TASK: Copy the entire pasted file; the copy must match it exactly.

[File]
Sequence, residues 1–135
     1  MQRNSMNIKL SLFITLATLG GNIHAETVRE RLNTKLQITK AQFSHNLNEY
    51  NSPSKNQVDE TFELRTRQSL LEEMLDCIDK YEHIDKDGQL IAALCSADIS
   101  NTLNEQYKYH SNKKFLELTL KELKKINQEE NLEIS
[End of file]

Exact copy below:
Sequence, residues 1–135
     1  MQRNSMNIKL SLFITLATLG GNIHAETVRE RLNTKLQITK AQFSHNLNEY
    51  NSPSKNQVDE TFELRTRQSL LEEMLDCIDK YEHIDKDGQL IAALCSADIS
   101  NTLNEQYKYH SNKKFLELTL KELKKINQEE NLEIS